Identity is such a mystery—its meaning shifts depending on our situation.
We speak about “my” feelings, “my” work, “my” family, “my” nation, etc.

In our consumer society, the message is that we are what we buy and what we own.

Even on retreat, I notice myself wanting my “money’s worth” in valuable insights.
No matter how seasoned they are, meditators can strive to achieve desirable meditative states of peace and joy or become attached to pleasant moments when they seem to be floating in pure light or when their feet are “being walked” effortlessly.

Jack’s mentor, Ajahn Chah, told a story about his youthful days as a forest monk, when he reported to his teacher Ajahn Mun a list of his wondrous and exalted states of meditation, and paused, expecting to receive the master’s approval.
Instead, Ajahn Mun cautioned the monk not to become caught in meditative experiences, no matter how dramatic, but to become “That Which Knows,” the awareness that witnesses all changes without greed, aversion or delusion.

With dedicated practice, our personality doesn’t go away, but we learn to accept changing events and relationships more lightly and gracefully—not reacting or taking so personally all that is unfolding.

After taking vows of simplicity, a Zen priest reflected, without a trace of self-judgment, “Last year a foolish monk. This year no change.”

The phrases “This is me, and that is them” are empty of real meaning, because our identity morphs according to ever-changing causes and conditions.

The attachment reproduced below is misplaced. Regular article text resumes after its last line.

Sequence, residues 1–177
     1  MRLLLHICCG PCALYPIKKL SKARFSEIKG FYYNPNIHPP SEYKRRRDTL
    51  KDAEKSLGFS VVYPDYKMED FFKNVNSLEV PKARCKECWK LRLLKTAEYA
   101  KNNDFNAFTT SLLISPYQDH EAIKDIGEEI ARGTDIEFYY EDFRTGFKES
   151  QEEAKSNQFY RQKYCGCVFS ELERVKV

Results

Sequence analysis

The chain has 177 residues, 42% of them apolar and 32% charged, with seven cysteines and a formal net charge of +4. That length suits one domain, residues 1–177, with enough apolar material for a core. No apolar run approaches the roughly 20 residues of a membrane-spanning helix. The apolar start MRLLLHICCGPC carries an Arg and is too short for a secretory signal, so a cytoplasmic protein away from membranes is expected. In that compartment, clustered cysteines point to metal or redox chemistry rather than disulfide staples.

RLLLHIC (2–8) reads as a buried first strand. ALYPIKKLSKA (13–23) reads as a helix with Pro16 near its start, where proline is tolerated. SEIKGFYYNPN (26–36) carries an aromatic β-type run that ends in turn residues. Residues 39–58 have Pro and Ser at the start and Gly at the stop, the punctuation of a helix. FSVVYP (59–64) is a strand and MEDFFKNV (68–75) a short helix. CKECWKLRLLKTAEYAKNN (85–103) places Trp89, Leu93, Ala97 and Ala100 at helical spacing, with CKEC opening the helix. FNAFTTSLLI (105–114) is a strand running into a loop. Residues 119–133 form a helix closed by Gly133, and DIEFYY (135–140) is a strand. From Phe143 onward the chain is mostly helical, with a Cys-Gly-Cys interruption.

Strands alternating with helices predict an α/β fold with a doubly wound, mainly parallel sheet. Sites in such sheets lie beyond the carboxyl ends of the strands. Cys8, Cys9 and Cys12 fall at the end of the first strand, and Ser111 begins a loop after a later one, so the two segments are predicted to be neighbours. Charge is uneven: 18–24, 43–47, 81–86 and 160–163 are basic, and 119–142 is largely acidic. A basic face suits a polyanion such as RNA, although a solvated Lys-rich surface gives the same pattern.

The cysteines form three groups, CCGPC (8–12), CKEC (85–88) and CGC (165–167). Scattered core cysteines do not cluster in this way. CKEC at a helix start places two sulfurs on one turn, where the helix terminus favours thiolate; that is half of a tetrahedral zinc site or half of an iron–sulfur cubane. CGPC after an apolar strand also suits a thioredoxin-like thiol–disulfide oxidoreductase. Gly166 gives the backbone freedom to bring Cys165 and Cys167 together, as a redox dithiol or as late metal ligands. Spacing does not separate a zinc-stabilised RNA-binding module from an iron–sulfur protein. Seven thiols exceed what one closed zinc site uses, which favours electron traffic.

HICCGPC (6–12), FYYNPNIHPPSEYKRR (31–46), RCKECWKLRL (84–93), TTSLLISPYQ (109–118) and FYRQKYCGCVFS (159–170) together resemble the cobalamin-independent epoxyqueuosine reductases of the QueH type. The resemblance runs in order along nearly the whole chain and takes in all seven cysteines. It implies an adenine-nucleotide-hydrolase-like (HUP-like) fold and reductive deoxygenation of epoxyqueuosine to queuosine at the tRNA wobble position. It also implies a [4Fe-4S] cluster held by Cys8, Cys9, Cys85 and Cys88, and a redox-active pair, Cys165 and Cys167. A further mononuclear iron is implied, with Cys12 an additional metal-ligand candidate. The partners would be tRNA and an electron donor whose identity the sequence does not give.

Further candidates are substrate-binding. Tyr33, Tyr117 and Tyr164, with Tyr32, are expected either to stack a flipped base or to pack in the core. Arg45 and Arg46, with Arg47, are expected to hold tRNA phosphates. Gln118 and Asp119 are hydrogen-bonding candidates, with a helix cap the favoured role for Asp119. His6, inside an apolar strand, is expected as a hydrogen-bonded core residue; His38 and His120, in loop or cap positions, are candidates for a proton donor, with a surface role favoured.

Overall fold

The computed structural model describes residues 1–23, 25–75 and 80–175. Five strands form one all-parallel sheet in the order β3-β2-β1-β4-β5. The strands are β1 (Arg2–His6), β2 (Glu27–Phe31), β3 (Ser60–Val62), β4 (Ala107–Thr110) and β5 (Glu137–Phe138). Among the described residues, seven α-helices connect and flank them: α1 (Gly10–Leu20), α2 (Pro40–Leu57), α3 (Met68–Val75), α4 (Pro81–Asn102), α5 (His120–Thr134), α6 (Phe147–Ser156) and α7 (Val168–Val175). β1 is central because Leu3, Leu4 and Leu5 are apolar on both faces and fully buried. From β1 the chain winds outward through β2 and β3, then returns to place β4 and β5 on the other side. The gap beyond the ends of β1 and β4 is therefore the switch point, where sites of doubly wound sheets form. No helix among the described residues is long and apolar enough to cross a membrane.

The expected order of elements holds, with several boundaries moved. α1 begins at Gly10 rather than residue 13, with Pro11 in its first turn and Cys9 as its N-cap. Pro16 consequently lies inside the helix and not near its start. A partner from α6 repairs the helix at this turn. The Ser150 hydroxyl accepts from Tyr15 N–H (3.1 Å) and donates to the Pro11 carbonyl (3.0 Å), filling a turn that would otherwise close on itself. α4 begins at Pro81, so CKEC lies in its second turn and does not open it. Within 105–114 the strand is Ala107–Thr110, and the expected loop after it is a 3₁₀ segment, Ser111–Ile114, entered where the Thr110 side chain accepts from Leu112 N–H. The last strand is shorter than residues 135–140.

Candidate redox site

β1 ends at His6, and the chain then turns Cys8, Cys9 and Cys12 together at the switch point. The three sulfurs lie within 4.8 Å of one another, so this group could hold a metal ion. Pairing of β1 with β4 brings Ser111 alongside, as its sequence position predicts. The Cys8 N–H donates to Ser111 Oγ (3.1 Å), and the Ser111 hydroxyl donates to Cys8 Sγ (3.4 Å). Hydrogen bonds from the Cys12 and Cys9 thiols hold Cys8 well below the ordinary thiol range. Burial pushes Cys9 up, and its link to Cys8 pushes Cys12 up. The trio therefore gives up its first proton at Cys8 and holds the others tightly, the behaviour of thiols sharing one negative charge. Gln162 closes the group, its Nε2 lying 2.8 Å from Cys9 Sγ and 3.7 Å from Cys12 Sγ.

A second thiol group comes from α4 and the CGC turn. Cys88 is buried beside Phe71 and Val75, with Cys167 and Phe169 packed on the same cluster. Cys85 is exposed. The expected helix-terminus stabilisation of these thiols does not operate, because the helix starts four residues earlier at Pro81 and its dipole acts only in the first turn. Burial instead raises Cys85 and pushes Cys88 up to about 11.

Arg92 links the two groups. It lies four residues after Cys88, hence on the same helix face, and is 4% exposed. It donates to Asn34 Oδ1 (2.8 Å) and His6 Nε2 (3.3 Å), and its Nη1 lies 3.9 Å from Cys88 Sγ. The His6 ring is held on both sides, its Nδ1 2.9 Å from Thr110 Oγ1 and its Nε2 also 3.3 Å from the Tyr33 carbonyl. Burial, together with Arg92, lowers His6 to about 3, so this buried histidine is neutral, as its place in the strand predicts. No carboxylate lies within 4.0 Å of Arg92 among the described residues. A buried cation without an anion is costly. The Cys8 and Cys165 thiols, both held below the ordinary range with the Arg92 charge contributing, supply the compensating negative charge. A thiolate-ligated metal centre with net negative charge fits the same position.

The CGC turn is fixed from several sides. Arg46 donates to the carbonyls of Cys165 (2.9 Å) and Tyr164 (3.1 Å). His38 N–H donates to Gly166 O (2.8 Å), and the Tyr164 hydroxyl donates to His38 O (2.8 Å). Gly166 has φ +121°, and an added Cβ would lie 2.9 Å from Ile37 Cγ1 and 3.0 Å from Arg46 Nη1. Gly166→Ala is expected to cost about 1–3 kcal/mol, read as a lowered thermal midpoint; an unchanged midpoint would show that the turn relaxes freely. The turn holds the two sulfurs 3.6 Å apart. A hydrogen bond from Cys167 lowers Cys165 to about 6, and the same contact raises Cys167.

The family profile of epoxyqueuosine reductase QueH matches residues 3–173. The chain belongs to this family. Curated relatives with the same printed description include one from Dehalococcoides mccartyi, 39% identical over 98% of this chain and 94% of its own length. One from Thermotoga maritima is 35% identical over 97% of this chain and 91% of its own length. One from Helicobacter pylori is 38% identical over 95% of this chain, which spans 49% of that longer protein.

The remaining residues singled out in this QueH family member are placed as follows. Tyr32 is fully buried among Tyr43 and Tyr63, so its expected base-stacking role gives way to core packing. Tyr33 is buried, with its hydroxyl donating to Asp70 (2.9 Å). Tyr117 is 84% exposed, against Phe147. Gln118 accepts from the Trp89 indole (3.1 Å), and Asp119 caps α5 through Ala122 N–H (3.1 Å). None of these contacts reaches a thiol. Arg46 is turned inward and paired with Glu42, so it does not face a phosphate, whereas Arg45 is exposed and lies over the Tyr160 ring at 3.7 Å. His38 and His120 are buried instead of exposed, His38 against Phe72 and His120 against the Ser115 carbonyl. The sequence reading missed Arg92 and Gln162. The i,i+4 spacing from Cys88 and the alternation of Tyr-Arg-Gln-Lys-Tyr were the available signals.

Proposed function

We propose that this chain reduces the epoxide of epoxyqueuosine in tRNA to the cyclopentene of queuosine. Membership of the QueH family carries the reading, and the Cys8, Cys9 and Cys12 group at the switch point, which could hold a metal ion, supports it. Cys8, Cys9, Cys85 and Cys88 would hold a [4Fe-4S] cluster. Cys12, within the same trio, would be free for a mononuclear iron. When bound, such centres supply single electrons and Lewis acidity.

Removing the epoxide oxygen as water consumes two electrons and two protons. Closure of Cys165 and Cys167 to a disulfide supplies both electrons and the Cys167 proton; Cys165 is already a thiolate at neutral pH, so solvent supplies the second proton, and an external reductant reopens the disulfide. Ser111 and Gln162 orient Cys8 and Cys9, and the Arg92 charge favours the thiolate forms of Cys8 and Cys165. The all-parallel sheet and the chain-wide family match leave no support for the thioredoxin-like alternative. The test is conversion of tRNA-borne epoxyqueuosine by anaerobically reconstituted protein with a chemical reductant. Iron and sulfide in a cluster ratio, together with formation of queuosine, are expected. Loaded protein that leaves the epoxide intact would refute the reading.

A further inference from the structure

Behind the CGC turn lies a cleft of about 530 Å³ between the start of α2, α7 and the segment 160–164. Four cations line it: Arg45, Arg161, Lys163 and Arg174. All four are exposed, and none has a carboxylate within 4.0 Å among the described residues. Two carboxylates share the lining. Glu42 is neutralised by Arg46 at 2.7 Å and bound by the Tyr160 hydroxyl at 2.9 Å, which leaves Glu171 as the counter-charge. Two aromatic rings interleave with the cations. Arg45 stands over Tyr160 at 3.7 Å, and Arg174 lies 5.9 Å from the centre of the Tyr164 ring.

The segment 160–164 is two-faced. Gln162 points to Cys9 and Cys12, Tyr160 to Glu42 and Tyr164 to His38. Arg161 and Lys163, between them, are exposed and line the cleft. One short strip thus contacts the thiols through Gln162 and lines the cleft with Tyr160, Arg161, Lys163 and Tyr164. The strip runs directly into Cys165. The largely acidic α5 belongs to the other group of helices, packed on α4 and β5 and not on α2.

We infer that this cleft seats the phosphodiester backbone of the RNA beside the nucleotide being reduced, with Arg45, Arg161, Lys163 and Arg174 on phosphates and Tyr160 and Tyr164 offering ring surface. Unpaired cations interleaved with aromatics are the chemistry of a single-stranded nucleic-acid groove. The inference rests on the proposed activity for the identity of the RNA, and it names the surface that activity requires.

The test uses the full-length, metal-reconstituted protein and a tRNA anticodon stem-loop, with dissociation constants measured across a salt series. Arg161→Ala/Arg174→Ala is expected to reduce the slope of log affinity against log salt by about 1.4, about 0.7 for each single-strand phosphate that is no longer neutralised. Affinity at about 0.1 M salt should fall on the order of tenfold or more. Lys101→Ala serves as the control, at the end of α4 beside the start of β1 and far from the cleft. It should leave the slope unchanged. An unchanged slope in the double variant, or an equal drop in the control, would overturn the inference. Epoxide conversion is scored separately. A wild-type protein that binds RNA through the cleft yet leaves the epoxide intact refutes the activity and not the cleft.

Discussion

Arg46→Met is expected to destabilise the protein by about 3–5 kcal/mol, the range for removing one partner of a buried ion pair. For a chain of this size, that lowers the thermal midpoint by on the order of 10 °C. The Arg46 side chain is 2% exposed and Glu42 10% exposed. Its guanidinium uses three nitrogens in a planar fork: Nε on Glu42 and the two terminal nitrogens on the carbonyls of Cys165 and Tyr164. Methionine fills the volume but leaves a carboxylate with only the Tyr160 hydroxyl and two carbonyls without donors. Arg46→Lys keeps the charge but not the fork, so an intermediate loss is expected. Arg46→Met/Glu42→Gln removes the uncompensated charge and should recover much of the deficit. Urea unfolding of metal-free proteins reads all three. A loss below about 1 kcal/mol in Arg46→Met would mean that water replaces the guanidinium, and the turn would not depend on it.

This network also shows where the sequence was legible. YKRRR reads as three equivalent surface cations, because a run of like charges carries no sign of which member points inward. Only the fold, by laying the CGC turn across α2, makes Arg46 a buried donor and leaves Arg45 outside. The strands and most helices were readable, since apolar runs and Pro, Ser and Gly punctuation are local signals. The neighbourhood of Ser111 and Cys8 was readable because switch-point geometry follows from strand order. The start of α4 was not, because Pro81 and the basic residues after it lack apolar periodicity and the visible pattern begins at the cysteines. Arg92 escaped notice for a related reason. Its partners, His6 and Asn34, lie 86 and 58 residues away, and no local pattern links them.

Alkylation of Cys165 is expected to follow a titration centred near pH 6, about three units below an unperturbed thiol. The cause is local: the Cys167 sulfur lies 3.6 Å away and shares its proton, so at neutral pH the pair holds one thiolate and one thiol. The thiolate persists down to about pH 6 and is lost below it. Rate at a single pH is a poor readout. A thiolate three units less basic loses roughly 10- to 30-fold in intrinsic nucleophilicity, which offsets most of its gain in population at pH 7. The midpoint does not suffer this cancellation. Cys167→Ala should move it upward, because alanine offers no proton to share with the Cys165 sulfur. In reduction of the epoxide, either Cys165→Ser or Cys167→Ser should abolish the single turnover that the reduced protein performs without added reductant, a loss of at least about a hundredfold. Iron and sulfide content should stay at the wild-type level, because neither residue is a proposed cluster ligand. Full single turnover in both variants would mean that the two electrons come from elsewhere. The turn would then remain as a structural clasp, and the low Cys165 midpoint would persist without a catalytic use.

Thich Nhat Hanh speaks about Interbeing,
In the The Heart of Understanding– Thay’s commentary on the Heart of the Prajnaparamita Sutra – he writes:
“If you are a poet, you will see clearly that there is a cloud floating in a sheet of paper. Without a cloud, there will be no rain; without rain, the trees cannot grow; and without trees, we cannot make paper.
The cloud is essential for the paper to exist. If the cloud is not here, the sheet of paper cannot be here either. So we can say that the cloud and the paper inter-are.”
There is no independent self – the perception of self, of “me”, of “mine” is an illusion. Awareness that “I” am made of “non-I” elements leads to realization of non-self, which brings an end to suffering.
On retreat, I find myself identifying with trees.
Alice Walker writes, “If a tree is cut, I will bleed.”
In one of her poems, Mary Oliver describes how she tamed a little bird to fly to her hand. One day she arrived a bit late for her daily rendezvous with the Nuthatch, only to find it sitting in another person’s hand.
She muses, “Nobody owns the sky or trees or the hearts of birds, but I’ll come tomorrow quite early.”
Here Mary Oliver captures so skillfully our human tendency to grasp and cling to what we love, even while we know that ultimately we own nothing.
The Buddha taught that incarnation is a river of passing sensations, feelings, perceptions, thoughts and moments of consciousness.

When we learn to live in the river of change and to rest in “That Which Knows,” we develop a deep trust in Awareness and live gracefully in the reality of the present moment.

I’ll close with excerpts from a poem by Paul Tillich:
We experience the presence of the eternal in us and in our world here and now.
We experience it in moments of silence and in hours of creativity.
We experience it in the conflicts of our conscience and in the hours of peace with ourselves…
We experience it when we discover a lasting truth and feel the need for a great sacrifice…
We experience it in moments in which we feel
This is a holy place, a holy thing, a holy person, a holy time…
Where this is experienced, there is awareness of the eternal,
There is already, however fragmentary, participation in the eternal.